This is the fourth installment of what was contained in the United States Department of Justice Civil Rights Division report about Cook County Jail. It concentrates on medical problems.
As you might expect, medical care is not up to par. Acute care is “grossly inadequate” (page 46). Only one of the five examples were while Dart was sheriff.
Four cases are mentioned (pages 44 and 45) after Dart took office in which intake exams by physicians assistants were botched or adequate care was not provided, including one where HIV medicine was withheld.
And, don’t have heart problems at Cook County Jail and expect prompt attention from EMTs. It took 45 minutes to get one guy in an ambulance (page 50).
“The EMTs were chatting and inattentive,” while “the dispensary nurse was trying to revive the inmate.”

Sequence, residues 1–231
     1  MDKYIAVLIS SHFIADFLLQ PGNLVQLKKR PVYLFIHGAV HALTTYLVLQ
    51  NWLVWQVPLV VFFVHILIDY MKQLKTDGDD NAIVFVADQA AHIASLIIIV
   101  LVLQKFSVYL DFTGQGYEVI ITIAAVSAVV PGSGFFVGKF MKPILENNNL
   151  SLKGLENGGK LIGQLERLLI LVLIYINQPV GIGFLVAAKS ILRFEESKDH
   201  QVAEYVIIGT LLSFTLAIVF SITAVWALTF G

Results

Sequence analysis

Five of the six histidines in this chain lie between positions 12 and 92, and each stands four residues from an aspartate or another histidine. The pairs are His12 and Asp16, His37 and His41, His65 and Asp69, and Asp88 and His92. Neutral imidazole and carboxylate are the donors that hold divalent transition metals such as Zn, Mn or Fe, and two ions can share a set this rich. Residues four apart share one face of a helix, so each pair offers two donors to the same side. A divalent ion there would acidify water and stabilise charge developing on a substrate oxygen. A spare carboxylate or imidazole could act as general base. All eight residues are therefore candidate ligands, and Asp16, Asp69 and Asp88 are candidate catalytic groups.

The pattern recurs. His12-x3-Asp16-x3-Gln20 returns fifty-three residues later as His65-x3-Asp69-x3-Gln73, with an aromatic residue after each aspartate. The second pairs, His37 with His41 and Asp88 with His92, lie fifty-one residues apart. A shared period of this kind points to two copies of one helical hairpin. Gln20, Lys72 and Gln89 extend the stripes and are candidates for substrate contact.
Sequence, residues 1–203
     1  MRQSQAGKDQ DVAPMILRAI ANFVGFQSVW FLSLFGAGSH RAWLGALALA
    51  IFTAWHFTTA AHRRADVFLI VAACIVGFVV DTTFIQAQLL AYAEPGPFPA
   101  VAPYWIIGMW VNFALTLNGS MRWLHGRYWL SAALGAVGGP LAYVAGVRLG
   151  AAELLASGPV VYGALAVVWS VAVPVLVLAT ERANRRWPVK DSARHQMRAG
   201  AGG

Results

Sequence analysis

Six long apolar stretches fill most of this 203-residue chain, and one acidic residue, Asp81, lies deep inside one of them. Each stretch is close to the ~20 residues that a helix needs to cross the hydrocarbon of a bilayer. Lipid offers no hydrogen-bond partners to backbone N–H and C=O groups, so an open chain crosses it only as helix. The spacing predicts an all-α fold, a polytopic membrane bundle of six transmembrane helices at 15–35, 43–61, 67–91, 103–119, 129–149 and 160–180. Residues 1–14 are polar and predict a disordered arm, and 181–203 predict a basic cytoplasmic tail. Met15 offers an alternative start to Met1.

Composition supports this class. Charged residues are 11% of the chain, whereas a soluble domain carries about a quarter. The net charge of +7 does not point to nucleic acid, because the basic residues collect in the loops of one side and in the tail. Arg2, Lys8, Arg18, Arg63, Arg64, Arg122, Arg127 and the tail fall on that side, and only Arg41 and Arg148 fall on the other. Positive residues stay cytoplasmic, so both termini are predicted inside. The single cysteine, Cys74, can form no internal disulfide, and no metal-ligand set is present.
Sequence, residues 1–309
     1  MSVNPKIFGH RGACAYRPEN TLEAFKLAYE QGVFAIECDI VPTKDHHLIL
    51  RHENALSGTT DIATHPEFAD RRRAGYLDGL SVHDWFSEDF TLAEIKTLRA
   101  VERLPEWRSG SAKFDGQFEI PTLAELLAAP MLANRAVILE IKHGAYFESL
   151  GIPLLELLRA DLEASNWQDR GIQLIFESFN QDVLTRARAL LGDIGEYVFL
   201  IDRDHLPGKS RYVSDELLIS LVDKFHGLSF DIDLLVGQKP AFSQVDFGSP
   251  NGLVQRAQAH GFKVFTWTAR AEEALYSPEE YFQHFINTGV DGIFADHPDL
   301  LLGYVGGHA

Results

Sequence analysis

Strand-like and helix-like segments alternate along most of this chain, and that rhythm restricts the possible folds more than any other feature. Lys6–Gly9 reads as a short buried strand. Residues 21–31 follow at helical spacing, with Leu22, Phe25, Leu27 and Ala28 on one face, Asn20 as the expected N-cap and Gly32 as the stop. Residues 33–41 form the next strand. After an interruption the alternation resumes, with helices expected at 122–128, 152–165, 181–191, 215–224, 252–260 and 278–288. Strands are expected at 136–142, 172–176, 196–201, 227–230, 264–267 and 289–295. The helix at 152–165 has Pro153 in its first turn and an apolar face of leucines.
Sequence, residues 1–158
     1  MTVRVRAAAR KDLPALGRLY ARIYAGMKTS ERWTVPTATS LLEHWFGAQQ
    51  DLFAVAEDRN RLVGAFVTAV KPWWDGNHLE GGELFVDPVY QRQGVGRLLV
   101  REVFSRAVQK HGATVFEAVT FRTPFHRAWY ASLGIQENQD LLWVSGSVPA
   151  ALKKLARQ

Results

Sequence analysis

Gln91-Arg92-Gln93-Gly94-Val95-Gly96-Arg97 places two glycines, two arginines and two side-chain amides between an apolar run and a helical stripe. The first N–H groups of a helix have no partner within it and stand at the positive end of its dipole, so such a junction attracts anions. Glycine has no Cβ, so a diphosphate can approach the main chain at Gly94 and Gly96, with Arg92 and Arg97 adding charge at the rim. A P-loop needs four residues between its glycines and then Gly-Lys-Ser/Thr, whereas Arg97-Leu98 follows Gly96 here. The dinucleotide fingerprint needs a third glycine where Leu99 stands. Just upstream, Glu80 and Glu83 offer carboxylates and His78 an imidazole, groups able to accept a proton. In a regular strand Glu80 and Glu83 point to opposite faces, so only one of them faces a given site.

This happened in front of the Justice Department report writers.
And verification of inmate identification before administering medicine?
Forget it (page 51).
Staff also did not witness the prisoners swallowing the medicine.
Six Dart-era cases of gross medication problems are pointed out (page 52), including one with a man who had a kidney transplant.
Inadequate attempts to control the spread of TB was labeled egregious (page 54) with a threat to correctional officers. One guard posted in the hall outside of a room incorrectly thought to have negative pressure and others there were pressurized to keep the germs from spreading left the door to the unit open.
“Critical medical information missing” (page 55) “not readily accessible” (page 56).
Tomorrow: Access to medical and dental care.